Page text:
On Friday, 4 May 2001, London Zoo received a call from the Barnet Borough Police based at Colindale Police Station, North London, requesting assistance with a big cat sighting in the Golders Green area.
A member of the public had seen an animal sitting on the wall of her back garden, which she initially though was a leopard, as it had a spotted coat.
London Zoo's Head Keeper of Big Cats, Ray Charter and a colleague, Terry Marsh, were driven with a police escort to a residential area in Golders Green, where the cat had allegedly been seen in the large garden.
"We get numerous calls at London Zoo reporting big cat sightings and so far all of them have proved incorrect - it usually turns out to be a large domestic cat," commented Ray Charter, "so you can imagine my surprise when I bent down to look under the hedge expecting to see a large ginger Tom, only to be met by a much more exotic face!"
After several attempts to catch the cat with a hand net in the large open area, it was finally contained in a smaller area under some steps of a nearby flat.
Having assessed the situation, Ray decided to call London Zoo's Senior Veterinary Officer, Tony Sainsbury, who sedated the animal with a blowpipe. Once sedated, the animal was given a veterinary examination and was found to be a female European lynx of approximately 18 months.
"The lynx was underweight, but in a fair condition" says Tony Sainsbury. "She is currently recovering in our hospital and we will do a full veterinary examination in the next couple of days. She seems to have a problem with her left hind leg which we will examine under anaesthetic."
The origin of the animal is still unknown.
"It is difficult to speculate where the animal came from." said Nick Lindsay, Senior Curator for London Zoo and Whipsnade Wild Animal Park. " In order to own an exotic cat species you are required to have a Dangerous Wild Animal License from your Local Authority."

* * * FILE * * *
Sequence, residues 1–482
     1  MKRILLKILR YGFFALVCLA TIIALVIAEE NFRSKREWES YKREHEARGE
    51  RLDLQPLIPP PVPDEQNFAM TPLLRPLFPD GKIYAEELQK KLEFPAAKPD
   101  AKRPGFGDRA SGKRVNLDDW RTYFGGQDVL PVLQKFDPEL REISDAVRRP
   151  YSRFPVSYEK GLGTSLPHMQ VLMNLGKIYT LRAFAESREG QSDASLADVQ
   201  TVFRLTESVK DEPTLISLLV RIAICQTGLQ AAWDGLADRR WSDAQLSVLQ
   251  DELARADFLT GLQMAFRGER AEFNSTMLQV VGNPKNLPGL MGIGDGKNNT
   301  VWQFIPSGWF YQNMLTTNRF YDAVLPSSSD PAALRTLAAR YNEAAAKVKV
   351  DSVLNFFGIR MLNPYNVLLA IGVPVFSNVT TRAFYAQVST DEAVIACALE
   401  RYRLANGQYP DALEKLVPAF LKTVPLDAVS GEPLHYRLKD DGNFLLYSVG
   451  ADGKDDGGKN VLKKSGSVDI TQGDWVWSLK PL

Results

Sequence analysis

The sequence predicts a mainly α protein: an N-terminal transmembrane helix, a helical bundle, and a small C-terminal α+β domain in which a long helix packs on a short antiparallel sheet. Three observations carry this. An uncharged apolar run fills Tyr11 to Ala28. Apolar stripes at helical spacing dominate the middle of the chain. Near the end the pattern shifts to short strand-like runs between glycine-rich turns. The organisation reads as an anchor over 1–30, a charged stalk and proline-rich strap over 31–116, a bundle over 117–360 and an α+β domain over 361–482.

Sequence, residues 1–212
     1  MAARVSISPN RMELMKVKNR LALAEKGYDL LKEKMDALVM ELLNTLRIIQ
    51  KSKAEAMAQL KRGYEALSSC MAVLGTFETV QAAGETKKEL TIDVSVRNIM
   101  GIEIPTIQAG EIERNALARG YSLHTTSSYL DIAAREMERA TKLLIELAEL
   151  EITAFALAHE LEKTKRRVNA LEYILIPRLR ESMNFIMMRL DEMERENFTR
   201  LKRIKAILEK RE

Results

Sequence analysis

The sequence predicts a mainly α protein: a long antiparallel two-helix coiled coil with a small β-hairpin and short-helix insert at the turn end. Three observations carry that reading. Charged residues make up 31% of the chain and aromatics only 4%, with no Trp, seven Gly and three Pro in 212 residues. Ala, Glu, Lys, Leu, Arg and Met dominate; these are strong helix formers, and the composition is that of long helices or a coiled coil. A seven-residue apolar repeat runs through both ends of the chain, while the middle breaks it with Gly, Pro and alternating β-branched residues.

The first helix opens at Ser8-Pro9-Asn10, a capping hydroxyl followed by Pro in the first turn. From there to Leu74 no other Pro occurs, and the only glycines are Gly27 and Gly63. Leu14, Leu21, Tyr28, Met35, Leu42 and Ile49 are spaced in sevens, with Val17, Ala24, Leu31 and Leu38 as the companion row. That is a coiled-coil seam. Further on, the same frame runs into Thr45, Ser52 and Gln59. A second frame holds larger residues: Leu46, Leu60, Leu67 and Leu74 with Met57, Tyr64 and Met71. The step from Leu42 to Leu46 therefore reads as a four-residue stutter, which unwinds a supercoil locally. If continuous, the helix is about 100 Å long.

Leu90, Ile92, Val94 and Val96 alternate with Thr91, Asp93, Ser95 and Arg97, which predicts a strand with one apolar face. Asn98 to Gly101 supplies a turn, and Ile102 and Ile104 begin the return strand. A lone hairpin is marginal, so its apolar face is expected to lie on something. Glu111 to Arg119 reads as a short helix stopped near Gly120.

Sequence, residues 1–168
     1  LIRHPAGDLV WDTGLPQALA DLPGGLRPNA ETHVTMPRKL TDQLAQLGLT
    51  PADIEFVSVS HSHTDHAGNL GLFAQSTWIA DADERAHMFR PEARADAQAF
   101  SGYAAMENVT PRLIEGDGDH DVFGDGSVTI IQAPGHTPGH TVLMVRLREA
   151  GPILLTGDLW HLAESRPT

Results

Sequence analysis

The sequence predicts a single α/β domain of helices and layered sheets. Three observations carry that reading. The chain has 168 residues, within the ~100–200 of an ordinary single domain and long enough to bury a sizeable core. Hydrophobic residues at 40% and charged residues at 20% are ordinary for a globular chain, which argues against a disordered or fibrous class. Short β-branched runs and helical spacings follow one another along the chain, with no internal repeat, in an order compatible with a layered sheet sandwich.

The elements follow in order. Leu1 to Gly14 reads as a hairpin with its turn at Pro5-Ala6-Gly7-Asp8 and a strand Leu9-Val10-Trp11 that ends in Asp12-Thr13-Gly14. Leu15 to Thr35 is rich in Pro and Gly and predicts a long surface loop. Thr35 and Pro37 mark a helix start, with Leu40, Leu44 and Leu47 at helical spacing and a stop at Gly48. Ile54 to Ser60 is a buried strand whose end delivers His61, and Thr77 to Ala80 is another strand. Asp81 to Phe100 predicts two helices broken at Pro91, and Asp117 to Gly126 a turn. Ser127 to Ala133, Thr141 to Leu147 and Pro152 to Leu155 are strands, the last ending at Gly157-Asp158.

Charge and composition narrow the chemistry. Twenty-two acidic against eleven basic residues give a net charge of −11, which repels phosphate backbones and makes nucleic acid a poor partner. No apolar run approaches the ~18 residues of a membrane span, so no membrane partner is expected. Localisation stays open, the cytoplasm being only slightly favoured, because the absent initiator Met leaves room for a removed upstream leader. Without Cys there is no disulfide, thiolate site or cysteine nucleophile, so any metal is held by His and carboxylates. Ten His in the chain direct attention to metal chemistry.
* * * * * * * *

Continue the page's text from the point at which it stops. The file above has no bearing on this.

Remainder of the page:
There was some concern from local residents regarding the danger that was posed by this animal.
"If left alone it is unlikely that the animal would have harmed a person" continues Nick Lindsay. "However, if it felt threatened or cornered it could give a nasty scratch or bite. It was more likely to be frightened than dangerous."
DI Paul Anstee from the Barnet Borough Police says "The Police are extremely grateful that they had the back up of London Zoo's expertise in dealing with this unusual event."
The animal will remain in the care of London Zoo while she recuperates and her future is decided.
For more information contact:
The Zoological Society of London's PR Office
Notes on the Lynx
The European lynx is also known as the Northern or Eurasian lynx. It is typically found in northern forest & Steppe across Europe and Asia.
Head and body length: 80 - 130 cm (Tail length: 10 - 25 cm)
Shoulder Height: 60 - 75 cm
Weight: 20 - 38 kg
It has a stocky body with long powerful legs, a short black- tipped tail and prominent tufted ears.
The dense fur varies in coloration but is the upper part of the coat is normally a yellowish brown with darker spots and the lower part is lighter in colour.